- Pizer, William & Newell, Richard, 2000.
"Discounting the Distant Future: How Much Do Uncertain Rates Increase Valuations?,"
dp-00-45, Resources For the Future.
- Newell, Richard G. & Pizer, William A., 2003. "Discounting the distant future: how much do uncertain rates increase valuations?," Journal of Environmental Economics and Management, Elsevier, vol. 46(1), pages 52-71, July.
- Kaplow Louis & Moyer Elisabeth & Weisbach David A, 2010. "The Social Evaluation of Intergenerational Policies and Its Application to Integrated Assessment Models of Climate Change," The B.E. Journal of Economic Analysis & Policy, De Gruyter, vol. 10(2), pages 1-34, November.
- Traeger, Christian P., 2008.
"Sustainability, Limited Substitutability and Non-Constant Social Discount Rates,"
Department of Agricultural & Resource Economics, UC Berkeley, Working Paper Series
qt10d7d7n4, Department of Agricultural & Resource Economics, UC Berkeley.
- Traeger, Christian P., 2011. "Sustainability, limited substitutability, and non-constant social discount rates," Journal of Environmental Economics and Management, Elsevier, vol. 62(2), pages 215-228, September.
- Richard S. J. Tol & Gary W. Yohe, 2006. "A Review of the Stern Review," World Economics, World Economics, Economic & Financial Publishing, 1 Ivory Square, Plantation Wharf, London, United Kingdom, SW11 3UE, vol. 7(4), pages 233-250, October.
- Weitzman, Martin L., 1998. "Why the Far-Distant Future Should Be Discounted at Its Lowest Possible Rate," Journal of Environmental Economics and Management, Elsevier, vol. 36(3), pages 201-208, November.
- William D. Nordhaus, 2007. "A Review of the Stern Review on the Economics of Climate Change," Journal of Economic Literature, American Economic Association, vol. 45(3), pages 686-702, September.
- Robert Mendelsohn, 2008. "Is the Stern Review an Economic Analysis?," Review of Environmental Economics and Policy, Association of Environmental and Resource Economists, vol. 2(1), pages 45-60, Winter.
- Martin L. Weitzman, 2007. "A Review of the Stern Review on the Economics of Climate Change," Journal of Economic Literature, American Economic Association, vol. 45(3), pages 703-724, September.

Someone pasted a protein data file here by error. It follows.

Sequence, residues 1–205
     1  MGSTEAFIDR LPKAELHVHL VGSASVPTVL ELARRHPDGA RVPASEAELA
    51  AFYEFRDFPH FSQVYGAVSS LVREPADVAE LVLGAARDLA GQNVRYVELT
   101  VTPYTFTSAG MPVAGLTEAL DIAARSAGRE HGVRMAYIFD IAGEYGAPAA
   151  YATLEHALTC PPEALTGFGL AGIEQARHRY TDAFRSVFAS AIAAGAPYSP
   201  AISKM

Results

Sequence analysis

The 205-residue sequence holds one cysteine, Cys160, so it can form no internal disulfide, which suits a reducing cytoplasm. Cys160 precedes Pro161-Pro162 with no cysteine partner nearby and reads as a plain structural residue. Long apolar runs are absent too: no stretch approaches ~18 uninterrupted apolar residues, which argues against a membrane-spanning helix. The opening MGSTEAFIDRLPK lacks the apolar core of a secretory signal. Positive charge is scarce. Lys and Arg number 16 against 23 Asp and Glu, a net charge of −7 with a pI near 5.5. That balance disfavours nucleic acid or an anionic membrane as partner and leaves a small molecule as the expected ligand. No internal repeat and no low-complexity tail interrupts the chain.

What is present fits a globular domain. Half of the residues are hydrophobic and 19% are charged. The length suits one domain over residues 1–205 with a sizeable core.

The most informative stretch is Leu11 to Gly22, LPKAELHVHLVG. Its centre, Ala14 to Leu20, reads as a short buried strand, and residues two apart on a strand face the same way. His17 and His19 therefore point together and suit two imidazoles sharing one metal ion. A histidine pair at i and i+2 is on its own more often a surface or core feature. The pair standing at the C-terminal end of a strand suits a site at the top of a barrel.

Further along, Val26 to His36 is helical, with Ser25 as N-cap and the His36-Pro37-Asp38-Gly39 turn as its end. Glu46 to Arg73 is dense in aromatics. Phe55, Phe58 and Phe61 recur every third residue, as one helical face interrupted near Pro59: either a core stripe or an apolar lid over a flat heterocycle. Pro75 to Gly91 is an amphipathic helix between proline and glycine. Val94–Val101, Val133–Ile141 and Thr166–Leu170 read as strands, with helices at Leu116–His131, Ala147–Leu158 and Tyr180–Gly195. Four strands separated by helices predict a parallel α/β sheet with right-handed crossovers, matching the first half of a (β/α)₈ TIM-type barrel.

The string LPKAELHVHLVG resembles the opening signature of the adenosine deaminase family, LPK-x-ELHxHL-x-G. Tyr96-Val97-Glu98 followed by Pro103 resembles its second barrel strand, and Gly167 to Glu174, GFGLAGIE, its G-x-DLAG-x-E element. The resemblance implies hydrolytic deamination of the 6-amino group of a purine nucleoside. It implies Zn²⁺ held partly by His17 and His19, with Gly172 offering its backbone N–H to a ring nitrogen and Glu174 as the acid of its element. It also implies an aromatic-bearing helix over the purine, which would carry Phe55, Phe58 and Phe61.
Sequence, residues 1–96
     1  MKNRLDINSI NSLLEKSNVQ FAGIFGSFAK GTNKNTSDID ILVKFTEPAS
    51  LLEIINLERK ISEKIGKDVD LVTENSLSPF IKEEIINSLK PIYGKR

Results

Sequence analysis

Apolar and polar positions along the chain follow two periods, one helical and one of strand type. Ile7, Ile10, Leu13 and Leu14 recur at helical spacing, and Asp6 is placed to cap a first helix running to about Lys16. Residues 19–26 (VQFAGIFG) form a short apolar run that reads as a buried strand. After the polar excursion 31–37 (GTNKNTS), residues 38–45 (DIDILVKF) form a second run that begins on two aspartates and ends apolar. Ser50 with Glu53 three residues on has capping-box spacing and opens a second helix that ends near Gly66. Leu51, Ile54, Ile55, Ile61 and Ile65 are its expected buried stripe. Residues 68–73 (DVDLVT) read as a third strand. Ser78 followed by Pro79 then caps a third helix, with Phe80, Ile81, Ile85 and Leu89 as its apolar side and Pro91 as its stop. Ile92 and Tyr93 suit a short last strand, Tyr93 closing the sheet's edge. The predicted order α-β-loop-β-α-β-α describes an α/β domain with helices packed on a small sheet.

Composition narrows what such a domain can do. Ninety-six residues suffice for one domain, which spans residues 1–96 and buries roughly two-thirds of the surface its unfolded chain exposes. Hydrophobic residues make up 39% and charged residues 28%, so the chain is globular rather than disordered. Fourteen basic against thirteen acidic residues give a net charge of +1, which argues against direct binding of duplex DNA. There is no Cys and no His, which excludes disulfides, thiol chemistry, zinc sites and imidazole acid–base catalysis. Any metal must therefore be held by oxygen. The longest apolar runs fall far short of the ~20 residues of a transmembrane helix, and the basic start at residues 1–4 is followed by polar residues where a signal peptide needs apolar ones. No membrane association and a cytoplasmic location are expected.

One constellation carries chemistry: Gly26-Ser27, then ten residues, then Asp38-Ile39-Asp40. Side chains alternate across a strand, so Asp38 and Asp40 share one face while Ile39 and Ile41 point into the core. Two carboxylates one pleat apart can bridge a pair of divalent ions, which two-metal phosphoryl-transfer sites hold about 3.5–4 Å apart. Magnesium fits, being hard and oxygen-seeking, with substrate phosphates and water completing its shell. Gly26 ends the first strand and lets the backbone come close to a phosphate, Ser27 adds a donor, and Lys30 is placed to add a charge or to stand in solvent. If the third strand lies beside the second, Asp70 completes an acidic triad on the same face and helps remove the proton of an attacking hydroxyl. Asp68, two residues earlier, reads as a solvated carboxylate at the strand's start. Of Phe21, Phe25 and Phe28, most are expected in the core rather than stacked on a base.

- Nicholas Stern, 2008. "The Economics of Climate Change," American Economic Review, American Economic Association, vol. 98(2), pages 1-37, May.
When requesting a correction, please mention this item's handle: RePEc:rff:dpaper:dp-12-43. See general information about how to correct material in RePEc.
For technical questions regarding this item, or to correct its authors, title, abstract, bibliographic or download information, contact: (Webmaster)
If you have authored this item and are not yet registered with RePEc, we encourage you to do it here. This allows to link your profile to this item. It also allows you to accept potential citations to this item that we are uncertain about.
If references are entirely missing, you can add them using this form.
If the full references list an item that is present in RePEc, but the system did not link to it, you can help with this form.
If you know of missing items citing this one, you can help us creating those links by adding the relevant references in the same way as above, for each refering item. If you are a registered author of this item, you may also want to check the "citations" tab in your profile, as there may be some citations waiting for confirmation.
Please note that corrections may take a couple of weeks to filter through the various RePEc services.